Casa reiterates call for legislation to counter abusive SLAPP practices

'A serious threat to media freedom'

MEP David Casa has reiterated his call for EU Commission First Vice-President Frans Timmermans to propose EU legislation that would counter abusive SLAPP practices.

Intervening during a meeting of the Committee on Civil Liberties, Justice and Home Affairs in Strasbourg, Mr Casa said that the use of these practices constitute a serious threat to media freedom and should be addressed at EU level.

Mr Casa pointed out that he had written to the Commission on a number of occasions, to call for these practices to be addressed. “It is unacceptable that we allow companies with unlimited resources to bully and intimidate independent media with vexatious lawsuits in jurisdictions outside the European Union."

SLAPP (Strategic lawsuit against public participation) lawsuits are ones which are filed with the intention of bullying targets into silence by burdening them with legal proceedings so expensive that they cannot afford to challenge them. 

Read: SLAPP down companies bullying free press, MEPs urge Commission

Pilatus Bank – accused by murdered journalist Daphne Caruana Galizia of laundering money for the Maltese Prime Minister’s chief of staff – had succeeded in concealing truth and effectively re-writing history by threatening multi-million dollar lawsuits in the US, Mr Casa said.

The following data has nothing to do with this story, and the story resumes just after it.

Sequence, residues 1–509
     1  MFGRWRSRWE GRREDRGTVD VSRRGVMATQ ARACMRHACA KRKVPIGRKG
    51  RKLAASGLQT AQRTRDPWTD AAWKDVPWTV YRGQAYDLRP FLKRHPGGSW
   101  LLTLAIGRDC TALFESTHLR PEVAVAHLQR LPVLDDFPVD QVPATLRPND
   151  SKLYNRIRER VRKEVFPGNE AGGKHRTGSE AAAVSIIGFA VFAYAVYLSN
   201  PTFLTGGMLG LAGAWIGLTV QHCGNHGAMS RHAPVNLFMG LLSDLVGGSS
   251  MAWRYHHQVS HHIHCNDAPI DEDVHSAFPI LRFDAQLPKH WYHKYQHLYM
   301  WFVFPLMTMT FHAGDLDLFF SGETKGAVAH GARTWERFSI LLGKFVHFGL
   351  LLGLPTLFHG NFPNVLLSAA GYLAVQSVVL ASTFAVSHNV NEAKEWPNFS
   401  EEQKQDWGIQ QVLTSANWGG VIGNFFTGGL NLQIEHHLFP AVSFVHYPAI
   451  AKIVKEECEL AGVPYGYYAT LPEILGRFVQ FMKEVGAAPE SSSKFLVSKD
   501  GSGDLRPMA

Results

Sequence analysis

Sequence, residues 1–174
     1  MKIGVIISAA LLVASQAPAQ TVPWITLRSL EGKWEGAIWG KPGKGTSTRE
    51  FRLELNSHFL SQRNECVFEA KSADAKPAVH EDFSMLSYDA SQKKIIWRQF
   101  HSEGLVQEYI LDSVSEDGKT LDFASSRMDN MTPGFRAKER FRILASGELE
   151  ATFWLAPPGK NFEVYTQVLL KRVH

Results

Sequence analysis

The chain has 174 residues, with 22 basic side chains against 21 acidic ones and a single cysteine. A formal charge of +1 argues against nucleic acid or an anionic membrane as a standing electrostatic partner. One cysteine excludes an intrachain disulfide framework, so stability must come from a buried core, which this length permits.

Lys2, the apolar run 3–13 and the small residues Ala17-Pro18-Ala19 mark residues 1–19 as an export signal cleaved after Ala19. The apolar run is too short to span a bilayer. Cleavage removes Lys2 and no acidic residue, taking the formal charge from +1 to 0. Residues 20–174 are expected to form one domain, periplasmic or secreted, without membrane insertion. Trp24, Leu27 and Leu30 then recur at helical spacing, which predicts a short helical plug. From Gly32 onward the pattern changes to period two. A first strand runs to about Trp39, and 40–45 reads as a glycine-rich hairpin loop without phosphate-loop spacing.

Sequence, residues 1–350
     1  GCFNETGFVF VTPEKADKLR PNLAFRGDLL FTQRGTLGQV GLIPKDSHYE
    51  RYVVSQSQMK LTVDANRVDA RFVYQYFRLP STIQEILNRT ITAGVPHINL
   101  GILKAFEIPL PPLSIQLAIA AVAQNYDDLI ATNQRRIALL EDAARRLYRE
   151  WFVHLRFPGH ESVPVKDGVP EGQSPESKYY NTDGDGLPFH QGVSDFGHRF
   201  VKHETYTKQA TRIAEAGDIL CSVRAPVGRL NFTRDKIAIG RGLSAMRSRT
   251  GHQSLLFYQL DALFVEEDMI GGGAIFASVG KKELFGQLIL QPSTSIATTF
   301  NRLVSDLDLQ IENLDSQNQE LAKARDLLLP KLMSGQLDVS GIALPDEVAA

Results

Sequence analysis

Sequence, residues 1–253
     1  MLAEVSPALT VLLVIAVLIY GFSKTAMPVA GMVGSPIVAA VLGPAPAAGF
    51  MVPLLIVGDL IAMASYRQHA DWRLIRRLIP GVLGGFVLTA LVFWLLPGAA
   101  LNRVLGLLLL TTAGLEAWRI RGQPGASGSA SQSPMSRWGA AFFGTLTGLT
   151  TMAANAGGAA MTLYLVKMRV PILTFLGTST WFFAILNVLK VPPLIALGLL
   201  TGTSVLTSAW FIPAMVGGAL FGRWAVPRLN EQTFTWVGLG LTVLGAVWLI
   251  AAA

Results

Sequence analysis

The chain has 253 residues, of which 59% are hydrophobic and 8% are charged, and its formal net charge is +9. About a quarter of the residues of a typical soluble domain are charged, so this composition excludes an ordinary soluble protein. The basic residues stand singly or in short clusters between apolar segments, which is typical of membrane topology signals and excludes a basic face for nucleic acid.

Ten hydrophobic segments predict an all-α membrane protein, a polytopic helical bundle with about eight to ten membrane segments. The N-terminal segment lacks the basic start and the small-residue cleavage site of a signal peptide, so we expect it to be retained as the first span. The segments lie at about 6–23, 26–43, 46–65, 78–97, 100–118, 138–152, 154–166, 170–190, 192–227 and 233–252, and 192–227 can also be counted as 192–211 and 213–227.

"In the EU we should be pioneers in enacting legislation that protects investigative journalism. Instead we are lagging behind. We should no longer be complacent on this issue”, Mr Casa said.

Read: MEPs call on Commission to protect freedom of the press

He welcomed the announcement made by Vice-President Timmermans that the Commission was actively pursuing the issue and assessing how such legislation can be introduced.

In October, Times of Malta editors released a statement saying that they had made a few amendments to some online content acting on legal advice to “a very serious threat to freedom of the press and to the very existence of our organisation”.

The content in its original form is still available to subscribers as part of the Times of Malta archives.

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